Midnight Madness Report: Interview With Green Inferno Director Eli Roth

eli roth

eli roth

For the past six years, Eli Roth (Cabin Fever, Hostel) has been busy producing (The Last Exorcism), writing (The Man with the Iron Fists), and acting (Inglourious Basterds) in the films of his peers, but with The Green Inferno he finally returns to directing. Enthusiastically received at the Toronto International Film Festival, this is a surprisingly palatable revival of the shocking cannibal sub genre that gained notoriety in the late ʼ70s and early ʼ80s. Roth traces his obsession with these movies to the mystique that surrounded Ruggero Deodatoʼs Cannibal Holocaust when he discovered it as a 19-year-old. “I found it in a laserdisc store and I was shocked that I didnʼt know about it,” he said. “The only one that made it over to where I lived in Boston was a film called Cannibal Ferox when it was titled Make Them Die Slowly. I remember as a kid watching these movies and feeling like they were made by convicted criminals that actually killed people. Watching Cannibal Holocaust, I was totally convinced they had a dead girl impaled on a pike with a spike coming out of her mouth.”

Rothʼs initial impressions were incorrect. As it turned out, Deodato just had a knack for presenting vivid reality onscreen, thanks to his surprising professional background. “He was Roberto Rosselliniʼs AD (assistant director) and really learned from him and worked on Rome Open City. He basically took Italian neorealism and applied it to the horror genre, to the cannibal genre.”

Roth captures a similar sense of reality in much of The Green Inferno. This is largely the result of his decision to cast a real tribe from a remote part of Peru. “We showed up there and I said to my producer, ʻCan we film here?ʼ And he said, ʻWe have to tell them what a film is. Theyʼve never seen a television. Theyʼve never heard of a movie.ʼ I showed them my camera, it was the first time theyʼd ever seen one. We had to conceptually explain to them what we were doing, so the producers came back with a television and a generator and showed the entire village Cannibal Holocaust, so thereʼs five-year-old kids and their only frame of reference for a movie is Cannibal Holocaust. They thought it was the funniest thing theyʼd ever seen.”

cannibal holocaust

While Roth was inspired by the exploitation films of his youth, he took just as much inspiration from reality. A passing reference to Ron Frickeʼs celebrated documentary Baraka strikes a chord with the director. “Baraka is the perfect reference because itʼs not a grindhouse-style film. Iʼm not trying to replicate Cannibal Holocaust. Now that I think about it, this film is way more Baraka influenced than I think even I realized until right now that you just said it. We really researched the Amazonian tribes and what they look like and the way they paint themselves and the way they camouflage and the bones and the jewelry they wear.”

The Green Infernoʼs protagonists—a group of clumsy, naïve college activists—come into contact with the tribe during a protest in the region. Through these characters, Roth wanted to express his belief that much of modern activism is lazy and insincere. “Now with this modern form of activism that I call ʻslacktivismʼ or ʻreactivism,ʼ itʼs basically kids just hitting the retweet button. I mean, how much in your Twitter feed is whateverʼs going on that week, whether itʼs something as serious as Syria or Free Pussy Riot or Kony 2012. People now have the power to have a voice and they love to get caught up in these causes, but everyoneʼs doing the bare minimum amount of work. Itʼs so easy to push a button on your phone, rather than inconvenience your own life.”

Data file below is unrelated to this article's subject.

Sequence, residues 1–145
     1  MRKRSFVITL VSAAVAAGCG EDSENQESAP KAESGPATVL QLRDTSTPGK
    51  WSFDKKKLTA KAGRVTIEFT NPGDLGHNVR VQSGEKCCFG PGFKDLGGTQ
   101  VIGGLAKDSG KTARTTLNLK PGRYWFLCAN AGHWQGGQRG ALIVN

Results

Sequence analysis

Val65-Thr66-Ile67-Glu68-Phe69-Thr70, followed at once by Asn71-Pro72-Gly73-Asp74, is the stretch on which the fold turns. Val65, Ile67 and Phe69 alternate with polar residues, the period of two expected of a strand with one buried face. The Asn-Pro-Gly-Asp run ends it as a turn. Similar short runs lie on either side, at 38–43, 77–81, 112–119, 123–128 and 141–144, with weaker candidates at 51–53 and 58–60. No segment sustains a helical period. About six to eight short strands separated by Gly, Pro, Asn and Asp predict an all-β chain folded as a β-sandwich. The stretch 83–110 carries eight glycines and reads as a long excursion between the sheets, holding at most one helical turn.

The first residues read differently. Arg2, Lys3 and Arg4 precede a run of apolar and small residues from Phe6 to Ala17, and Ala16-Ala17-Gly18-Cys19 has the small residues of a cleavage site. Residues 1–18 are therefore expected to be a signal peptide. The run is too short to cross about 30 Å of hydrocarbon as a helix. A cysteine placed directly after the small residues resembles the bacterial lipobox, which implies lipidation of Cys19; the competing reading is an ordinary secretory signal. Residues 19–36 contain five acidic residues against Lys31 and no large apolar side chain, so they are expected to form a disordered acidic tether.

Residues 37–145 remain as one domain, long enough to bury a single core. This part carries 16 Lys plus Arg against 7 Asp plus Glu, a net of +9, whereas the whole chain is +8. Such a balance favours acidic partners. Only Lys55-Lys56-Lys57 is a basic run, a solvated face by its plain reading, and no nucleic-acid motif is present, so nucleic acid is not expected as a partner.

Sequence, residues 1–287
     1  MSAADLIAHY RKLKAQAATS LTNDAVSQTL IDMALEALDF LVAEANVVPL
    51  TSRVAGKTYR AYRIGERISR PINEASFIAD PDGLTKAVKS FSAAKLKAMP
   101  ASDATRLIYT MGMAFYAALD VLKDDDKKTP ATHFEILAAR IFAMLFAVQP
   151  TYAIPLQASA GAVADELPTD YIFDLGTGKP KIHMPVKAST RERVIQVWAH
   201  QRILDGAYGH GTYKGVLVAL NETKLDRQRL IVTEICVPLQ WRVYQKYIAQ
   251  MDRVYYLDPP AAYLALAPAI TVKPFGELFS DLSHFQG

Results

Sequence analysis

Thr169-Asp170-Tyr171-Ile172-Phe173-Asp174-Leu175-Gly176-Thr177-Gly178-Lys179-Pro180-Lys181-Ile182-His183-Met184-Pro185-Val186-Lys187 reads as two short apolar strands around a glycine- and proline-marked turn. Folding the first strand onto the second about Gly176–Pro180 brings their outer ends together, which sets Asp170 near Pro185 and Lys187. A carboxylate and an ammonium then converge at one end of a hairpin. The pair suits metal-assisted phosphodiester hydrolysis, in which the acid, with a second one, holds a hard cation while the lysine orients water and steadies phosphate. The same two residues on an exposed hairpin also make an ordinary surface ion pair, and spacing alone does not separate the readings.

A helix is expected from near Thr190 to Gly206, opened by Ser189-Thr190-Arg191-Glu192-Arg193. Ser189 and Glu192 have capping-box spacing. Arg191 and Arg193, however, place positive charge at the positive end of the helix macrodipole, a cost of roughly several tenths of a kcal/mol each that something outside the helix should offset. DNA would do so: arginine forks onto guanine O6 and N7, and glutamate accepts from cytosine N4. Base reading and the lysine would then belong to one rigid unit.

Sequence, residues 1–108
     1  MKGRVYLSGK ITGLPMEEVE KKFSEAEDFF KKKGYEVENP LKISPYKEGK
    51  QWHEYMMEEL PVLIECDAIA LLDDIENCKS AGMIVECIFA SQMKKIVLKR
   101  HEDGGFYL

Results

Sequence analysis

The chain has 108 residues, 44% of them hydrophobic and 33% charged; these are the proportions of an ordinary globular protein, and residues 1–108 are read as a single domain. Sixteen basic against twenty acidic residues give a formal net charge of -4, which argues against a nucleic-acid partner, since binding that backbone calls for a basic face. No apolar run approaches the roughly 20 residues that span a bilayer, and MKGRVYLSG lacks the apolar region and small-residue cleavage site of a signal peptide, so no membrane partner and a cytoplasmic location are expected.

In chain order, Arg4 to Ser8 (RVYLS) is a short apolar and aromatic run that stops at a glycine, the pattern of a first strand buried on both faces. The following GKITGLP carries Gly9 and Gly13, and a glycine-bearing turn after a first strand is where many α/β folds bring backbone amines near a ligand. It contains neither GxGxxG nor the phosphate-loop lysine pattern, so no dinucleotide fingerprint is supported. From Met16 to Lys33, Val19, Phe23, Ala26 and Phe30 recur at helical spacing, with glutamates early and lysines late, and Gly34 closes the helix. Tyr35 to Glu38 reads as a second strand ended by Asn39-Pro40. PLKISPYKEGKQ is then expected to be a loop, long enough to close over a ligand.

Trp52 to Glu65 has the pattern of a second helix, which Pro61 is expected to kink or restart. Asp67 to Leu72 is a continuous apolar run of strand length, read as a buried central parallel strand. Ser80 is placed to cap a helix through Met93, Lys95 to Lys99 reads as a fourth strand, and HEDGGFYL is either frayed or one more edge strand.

Roth also wanted to show the degree to which technology shields modern Americans from reality—and suggest what might become of them in its absence. “I thought this was a great way to tell a modern story where youʼre taking these kids from New York City in the most high tech world. Theyʼre very tech savvy and youʼre stripping them down to the barest elements of mankind. Theyʼre in the jungle with people that will just see them as meat and their phones donʼt matter. Theyʼre stripped away to absolutely nothing.”


From the way Roth describes the tribe members he worked with, itʼs clear he has a great deal of affection for them. While they spend much of the film eating our protagonists, they may be the most likable characters in The Green Inferno. With that in mind, the director is frustrated by criticism of the filmʼs racial politics. In fact, he sees this as yet another example of slacktivism. “Everyone gets so stupid and self-righteous because they have a Twitter account and everyone wants to call everything racist. When people come out and theyʼre trying to act like, ʻI donʼt want to endorse the movie,ʼ itʼs all about them not wanting to be seen as racist. Thatʼs the point of the movie. These idiots—and the characters—arenʼt doing that because they believe in a cause, itʼs because they want to make themselves look good. They do it in very subtle ways like, ʻIʼm a cool guy and I like controversial things, but I donʼt like the way the natives were portrayed.ʼ None of those people could point out where Peru is on a map. And thatʼs the whole point of the movie.”